The United States Patent and Trademark Office (USPTO) and the Japan Patent Office (JPO) have recently announced an implementation agreement under which the JPO will act as an available International Searching Authority (ISA) and International Preliminary Examining Authority (IPEA) for certain international applications filed with the USPTO as the Receiving Office, under the Patent Cooperation Treaty (PCT). The USPTO and JPO are two of the intellectual property offices authorized to conduct international searches and international preliminary examinations in the PCT system.
The PCT is an international agreement that simplifies the filing of patent applications in its contracting countries. A PCT application has the effect of a national application for a patent in any of the designated PCT countries. International applicants receive an International Search Report and an International Preliminary Report on Patentability to help them determine if an application meets basic patentability criteria before committing to the high cost of translating and entering the national stage in one or more PCT countries.
The agreement took effect on July 1, 2015. The agreement is intended to end on June 30, 2018, but as is typical with these types of bilateral agreements, the USPTO says that it may be continued by mutual written consent.
The addition of JPO as an available ISA and IPEA will allow applicants additional flexibility in choosing an international authority based on the technology disclosed in the international application.
“This latest collaboration between USPTO and JPO exemplifies the cooperative spirit between our Offices and benefits applicants by providing an additional option for examination of their international applications directed to green technology,” said Under Secretary of Commerce for Intellectual Property and Director of the USPTO Michelle Lee.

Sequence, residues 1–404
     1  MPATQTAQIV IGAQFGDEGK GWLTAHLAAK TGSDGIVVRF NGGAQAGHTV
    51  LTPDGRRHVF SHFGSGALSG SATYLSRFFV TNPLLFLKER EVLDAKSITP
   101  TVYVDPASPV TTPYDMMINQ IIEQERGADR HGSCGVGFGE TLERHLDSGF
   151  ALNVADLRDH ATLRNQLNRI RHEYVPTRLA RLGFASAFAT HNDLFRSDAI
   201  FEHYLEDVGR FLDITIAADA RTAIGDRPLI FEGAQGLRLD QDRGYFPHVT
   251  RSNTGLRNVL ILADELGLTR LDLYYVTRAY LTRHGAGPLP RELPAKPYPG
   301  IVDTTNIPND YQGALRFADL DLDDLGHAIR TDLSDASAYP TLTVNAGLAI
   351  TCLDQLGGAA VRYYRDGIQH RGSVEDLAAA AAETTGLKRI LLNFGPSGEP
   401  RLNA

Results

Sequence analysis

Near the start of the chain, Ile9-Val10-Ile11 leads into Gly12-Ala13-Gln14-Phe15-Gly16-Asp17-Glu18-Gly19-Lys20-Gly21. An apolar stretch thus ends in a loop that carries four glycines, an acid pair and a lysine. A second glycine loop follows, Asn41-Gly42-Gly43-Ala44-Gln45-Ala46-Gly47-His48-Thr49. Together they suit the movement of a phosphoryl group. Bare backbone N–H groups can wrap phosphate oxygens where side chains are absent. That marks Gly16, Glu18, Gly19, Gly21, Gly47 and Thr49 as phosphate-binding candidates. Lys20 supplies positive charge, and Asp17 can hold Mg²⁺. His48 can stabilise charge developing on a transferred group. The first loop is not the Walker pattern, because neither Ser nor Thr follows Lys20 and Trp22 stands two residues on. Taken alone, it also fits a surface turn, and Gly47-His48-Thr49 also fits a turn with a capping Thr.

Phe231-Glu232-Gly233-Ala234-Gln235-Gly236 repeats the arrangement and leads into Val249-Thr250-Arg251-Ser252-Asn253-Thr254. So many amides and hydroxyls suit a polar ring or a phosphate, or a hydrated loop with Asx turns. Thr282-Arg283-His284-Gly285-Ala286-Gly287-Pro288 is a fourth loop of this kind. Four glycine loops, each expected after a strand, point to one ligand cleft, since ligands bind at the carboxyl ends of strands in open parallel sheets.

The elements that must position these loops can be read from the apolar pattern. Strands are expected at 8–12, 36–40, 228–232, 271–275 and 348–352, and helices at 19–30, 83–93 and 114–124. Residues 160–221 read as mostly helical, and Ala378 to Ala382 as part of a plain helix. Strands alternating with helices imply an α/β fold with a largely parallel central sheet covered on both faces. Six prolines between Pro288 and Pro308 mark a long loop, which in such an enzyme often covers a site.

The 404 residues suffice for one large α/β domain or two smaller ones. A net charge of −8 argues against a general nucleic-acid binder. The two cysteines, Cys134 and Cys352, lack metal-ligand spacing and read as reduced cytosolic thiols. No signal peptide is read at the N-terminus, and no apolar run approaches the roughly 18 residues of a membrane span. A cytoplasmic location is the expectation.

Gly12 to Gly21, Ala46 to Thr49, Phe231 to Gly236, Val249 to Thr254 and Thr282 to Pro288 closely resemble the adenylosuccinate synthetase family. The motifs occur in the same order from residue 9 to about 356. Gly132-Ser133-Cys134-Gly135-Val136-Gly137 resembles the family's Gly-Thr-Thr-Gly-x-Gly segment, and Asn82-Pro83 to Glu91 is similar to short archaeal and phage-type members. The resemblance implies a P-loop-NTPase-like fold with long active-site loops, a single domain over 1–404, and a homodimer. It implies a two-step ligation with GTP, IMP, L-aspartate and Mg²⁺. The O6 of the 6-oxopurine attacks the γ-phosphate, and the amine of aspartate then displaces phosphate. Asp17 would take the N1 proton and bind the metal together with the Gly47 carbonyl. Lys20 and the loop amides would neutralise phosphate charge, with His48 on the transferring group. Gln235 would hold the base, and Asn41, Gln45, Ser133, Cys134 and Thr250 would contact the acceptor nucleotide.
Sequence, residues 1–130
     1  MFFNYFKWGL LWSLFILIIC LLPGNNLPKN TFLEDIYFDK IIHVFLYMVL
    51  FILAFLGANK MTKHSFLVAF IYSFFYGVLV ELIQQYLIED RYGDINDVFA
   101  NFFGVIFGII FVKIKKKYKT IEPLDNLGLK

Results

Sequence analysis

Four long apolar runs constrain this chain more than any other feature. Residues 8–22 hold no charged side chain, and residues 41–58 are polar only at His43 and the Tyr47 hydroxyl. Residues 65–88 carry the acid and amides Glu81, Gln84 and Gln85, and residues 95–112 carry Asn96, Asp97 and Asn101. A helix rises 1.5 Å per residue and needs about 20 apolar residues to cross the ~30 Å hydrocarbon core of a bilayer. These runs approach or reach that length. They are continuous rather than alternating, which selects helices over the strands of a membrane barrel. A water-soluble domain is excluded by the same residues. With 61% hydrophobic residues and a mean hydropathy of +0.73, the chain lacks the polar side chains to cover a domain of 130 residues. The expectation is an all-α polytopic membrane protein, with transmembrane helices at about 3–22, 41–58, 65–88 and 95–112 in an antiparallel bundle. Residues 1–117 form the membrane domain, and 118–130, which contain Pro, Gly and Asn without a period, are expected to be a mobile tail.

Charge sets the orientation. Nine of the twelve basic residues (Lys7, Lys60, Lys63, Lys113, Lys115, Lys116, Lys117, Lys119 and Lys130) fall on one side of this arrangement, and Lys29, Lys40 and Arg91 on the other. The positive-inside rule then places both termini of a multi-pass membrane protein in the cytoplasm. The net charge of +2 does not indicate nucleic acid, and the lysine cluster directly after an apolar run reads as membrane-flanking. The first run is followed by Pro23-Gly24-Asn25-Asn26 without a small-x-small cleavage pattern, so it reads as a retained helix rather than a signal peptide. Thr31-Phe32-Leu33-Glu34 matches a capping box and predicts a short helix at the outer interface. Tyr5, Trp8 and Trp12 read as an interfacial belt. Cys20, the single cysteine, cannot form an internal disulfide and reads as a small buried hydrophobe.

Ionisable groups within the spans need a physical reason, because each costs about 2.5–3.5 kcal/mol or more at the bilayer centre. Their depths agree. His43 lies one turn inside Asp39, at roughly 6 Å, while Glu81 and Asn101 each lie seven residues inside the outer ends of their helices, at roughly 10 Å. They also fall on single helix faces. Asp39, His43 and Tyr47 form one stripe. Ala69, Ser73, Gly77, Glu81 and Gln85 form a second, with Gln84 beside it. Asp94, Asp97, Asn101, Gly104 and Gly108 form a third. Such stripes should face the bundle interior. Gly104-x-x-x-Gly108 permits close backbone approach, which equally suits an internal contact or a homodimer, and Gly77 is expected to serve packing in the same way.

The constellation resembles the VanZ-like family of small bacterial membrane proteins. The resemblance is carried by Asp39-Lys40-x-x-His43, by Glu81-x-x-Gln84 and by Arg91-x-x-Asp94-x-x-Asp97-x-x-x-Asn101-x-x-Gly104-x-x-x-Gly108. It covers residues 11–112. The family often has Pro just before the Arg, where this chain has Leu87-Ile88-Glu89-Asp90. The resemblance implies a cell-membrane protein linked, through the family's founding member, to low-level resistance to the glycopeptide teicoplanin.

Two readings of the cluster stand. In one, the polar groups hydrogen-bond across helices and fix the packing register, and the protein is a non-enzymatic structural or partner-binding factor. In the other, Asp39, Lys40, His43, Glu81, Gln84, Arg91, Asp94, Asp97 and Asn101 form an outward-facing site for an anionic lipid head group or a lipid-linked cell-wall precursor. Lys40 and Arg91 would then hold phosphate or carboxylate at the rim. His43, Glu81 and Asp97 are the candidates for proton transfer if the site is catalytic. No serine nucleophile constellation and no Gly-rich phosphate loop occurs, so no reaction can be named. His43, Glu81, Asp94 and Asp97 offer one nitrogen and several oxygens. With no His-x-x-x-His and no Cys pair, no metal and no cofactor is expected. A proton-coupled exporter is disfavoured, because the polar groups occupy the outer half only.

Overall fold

Under the agreement, JPO may act as an available searching authority and preliminary examining authority, provided that:
- The applications are submitted in the English language.
- The claims of the application are directed to the field of green technology as defined by certain International Patent Classification classes.
- The JPO has not received more than 5,000 international applications from the USPTO during the three-year period from July 1, 2015 to June 30, 2018, and not more than 300 applications per quarter during the first year, and not more than 475 application per quarter during the second and third years.
- The JPO is chosen as a competent authority by the applicants.
Further details on the use of JPO as an ISA/IPEA for applications filed in the US receiving office, including the International Patent Classification classes which define the field of green technology according to this agreement, will be made available on the USPTO Web site.
While 5,000 international applications seems like a small number, the USPTO has in recent years overestimated the popularity of this type of program. Thus, bandwidth to participate shouldn’t be an issue, at least if past history is any guide.
In April 2015, Google Chrome removed the default ability to use the Java plug-in for browser version 42. This impacts a practitioner’s ability to access EFS-Web and Private PAIR because Java is required for your authentication into these systems. Currently, Chrome has a temporary workaround that allows users to continue to use a Java plug-in to continue to log into EFS-Web and Private PAIR. This temporary workaround will not last for long, so the United States Patent and Trademark Office (USPTO) has recently advised practitioners that they need to come up with a Plan B if they use Chrome to access EFS-Web and Private PAIR.
According to Google, this temporary workaround will only work through September 2015, when Google Chrome plans to completely end their support for Java plug-ins with their newest browser, Chrome versions 45 and above. Therefore, Chrome users who will be using version 45 and above will no longer be able to use the temporary workaround and thus will not be able to log into EFS-Web or Private PAIR after that date.
Oracle is recommending the use of alternative browsers such as Firefox, Internet Explorer, and Safari. For additional information regarding Java and Chrome please visit: How do I use Java with the Google Chrome browser?
Although Firefox, Internet Explorer, and Safari browsers should continue to work with EFS-Web and Private PAIR, the USPTO says that there is always a possibility that these providers may decide to discontinue support of Java plug-ins as well. Thus, the USPTO is closely monitoring announcements on upcoming releases of new browsers for any changes. The USPTO has said they will keep the IP Community informed of any news related to this issue. Furthermore, the USPTO says they are investigating whether there are possible strategies to mitigate the impact on practitioners. The Office is also working on a longer-term plan to improve the overall authentication process without compromising privacy and security.